Team Building 101
How important is creating comradery and trust within a team? According to Charles H. Green from Trusted Advisor Associates, "the level of trust in business relationships... is a greater determinant of success than anything else". We as leaders and managers of teams inherently know and feel this importance even without the supporting evidence. Trust is the backbone to any relationship. And to build trust, we need to better understand each other and unify as a team. That's why team building exercises have become so vital to successful organizations. To go about fostering and developing strong relationships within an organization, there are many avenues to venture down. Team building can be accelerated with collaborative exercises, 360 peer reviews, pulse checks and feedback loops, dedicated outings and off-sites, etc. In order to know what to try and where to start, it begins with understanding what will resonate within your organization.
Creating Impactful Events
When contemplating team building events, every great leader wants the event to result in an increase of comradery and trust. They want the attendees to be willing and eager participant, both interested and engaged. When planning the type of event, it may be difficult to please everyone based on their interests. The best way to identify interest based events is to to create a survey with a list of potential events and poll the entire population or use a system like PeopleTies to find the commonalities amongst your participants. Here are some quick tips to remember:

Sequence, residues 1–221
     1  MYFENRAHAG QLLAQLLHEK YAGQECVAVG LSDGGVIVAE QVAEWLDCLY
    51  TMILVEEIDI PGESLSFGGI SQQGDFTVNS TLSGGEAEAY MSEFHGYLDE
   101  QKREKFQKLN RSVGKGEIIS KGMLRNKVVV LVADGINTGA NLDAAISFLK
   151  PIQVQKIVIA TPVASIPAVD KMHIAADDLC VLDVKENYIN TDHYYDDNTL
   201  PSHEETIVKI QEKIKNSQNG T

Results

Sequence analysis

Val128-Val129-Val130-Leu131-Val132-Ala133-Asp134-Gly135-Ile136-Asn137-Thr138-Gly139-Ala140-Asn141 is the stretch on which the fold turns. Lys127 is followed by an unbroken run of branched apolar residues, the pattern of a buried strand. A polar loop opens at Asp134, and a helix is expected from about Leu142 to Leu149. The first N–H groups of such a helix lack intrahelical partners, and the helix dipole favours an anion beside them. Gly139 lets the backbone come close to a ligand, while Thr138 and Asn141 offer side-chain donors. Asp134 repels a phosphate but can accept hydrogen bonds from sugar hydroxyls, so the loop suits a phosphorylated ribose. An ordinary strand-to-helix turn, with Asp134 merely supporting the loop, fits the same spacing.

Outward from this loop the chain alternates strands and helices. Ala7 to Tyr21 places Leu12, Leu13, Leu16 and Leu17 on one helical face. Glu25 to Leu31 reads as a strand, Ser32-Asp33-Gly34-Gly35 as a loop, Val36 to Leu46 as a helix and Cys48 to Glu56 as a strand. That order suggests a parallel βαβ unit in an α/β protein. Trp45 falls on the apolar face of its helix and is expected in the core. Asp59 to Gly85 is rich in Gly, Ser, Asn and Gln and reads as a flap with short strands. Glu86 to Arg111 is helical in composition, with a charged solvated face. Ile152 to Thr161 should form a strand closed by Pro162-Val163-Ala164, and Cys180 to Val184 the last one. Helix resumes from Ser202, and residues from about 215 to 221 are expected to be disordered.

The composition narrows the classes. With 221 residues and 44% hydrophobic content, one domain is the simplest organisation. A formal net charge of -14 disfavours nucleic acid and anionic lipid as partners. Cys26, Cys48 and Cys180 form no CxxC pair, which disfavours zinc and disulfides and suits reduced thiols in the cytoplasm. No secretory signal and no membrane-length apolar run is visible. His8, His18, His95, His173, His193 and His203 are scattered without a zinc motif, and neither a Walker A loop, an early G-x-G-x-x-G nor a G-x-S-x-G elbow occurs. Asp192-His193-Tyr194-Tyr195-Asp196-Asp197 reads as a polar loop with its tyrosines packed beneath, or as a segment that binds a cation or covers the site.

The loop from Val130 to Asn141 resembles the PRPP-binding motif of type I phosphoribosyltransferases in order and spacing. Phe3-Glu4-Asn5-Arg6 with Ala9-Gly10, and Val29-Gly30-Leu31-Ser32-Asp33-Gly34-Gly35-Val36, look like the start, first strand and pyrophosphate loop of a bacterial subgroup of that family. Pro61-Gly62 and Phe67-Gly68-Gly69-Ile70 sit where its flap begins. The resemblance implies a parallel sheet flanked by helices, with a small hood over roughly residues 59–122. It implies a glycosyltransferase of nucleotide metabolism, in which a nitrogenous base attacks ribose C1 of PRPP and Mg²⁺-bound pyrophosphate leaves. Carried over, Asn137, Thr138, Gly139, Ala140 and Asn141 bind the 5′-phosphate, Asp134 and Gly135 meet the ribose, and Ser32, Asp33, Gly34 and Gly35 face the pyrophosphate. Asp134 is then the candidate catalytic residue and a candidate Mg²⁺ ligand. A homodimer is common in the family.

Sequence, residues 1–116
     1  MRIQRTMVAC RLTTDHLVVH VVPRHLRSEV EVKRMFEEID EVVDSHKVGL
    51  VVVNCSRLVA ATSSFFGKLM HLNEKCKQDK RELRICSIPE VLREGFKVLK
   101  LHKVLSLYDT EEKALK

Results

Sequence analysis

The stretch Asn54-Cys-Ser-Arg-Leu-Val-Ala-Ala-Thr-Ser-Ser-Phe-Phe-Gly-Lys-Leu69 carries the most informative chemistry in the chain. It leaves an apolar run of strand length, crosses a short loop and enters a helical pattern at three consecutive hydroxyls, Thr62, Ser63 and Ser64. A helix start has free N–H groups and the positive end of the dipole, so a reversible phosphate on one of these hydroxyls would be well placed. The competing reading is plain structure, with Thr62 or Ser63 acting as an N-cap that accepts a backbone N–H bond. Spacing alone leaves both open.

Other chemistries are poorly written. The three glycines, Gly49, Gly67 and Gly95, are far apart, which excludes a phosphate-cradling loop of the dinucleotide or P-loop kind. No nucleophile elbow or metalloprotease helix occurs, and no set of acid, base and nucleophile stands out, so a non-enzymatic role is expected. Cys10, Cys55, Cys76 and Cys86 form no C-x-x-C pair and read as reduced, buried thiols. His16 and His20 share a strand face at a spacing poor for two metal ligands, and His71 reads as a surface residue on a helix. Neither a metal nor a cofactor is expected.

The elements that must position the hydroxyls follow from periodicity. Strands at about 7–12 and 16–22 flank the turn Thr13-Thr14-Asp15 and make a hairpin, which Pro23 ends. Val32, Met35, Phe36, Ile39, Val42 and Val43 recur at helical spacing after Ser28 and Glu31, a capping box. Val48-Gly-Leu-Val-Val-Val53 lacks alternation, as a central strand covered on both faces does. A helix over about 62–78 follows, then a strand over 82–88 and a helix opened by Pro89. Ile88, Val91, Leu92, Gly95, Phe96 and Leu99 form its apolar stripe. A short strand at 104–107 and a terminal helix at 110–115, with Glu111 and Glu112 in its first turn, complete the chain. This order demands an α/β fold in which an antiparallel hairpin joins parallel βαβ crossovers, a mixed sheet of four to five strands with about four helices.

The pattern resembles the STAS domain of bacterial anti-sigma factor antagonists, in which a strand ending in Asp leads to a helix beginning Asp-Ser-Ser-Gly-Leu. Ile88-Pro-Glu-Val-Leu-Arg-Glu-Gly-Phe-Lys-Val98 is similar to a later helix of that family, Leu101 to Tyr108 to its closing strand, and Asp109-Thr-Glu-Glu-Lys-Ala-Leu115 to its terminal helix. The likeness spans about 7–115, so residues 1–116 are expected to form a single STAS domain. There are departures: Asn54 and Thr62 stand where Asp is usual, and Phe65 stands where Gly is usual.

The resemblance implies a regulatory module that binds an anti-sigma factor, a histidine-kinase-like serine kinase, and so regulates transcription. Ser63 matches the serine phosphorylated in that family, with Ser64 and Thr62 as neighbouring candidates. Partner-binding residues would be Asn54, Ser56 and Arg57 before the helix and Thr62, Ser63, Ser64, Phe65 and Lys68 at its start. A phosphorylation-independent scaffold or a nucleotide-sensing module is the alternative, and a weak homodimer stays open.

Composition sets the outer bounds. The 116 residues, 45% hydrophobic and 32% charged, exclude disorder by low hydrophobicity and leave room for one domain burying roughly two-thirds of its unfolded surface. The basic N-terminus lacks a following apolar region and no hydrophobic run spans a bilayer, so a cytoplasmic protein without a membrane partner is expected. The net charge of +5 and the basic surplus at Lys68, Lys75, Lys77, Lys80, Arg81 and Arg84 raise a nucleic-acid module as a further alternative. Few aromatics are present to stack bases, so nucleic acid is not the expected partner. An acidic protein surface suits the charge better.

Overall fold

- Make sure the event encourages people to cooperate, or at least communicate frequently. A great example of a good event is something like an escape room. People need to work through puzzles together and can be a great way for people to open up and have fun.
- Look for emerging interests. With PeopleTies, we can see what interests are being rapidly added throughout an organization and what interests have reached a critical mass in any given location. Basing an event around "what's hot" will increase the likelihood of willing attendance and excitement.
Following Up is the Key
Having a great team building event shouldn't end with patting yourself on the back and fond memories. Don't let all of the good will, comradery, and new perspectives go to waste. Send a survey after the event and ask attendees what they loved and what they'd change. Ask what they learned and what surprised them. You can also ask if they have ideas for the next event. With an iterative, event-based team building process, your people will continue to better know and trust each other, while having some fun along the way.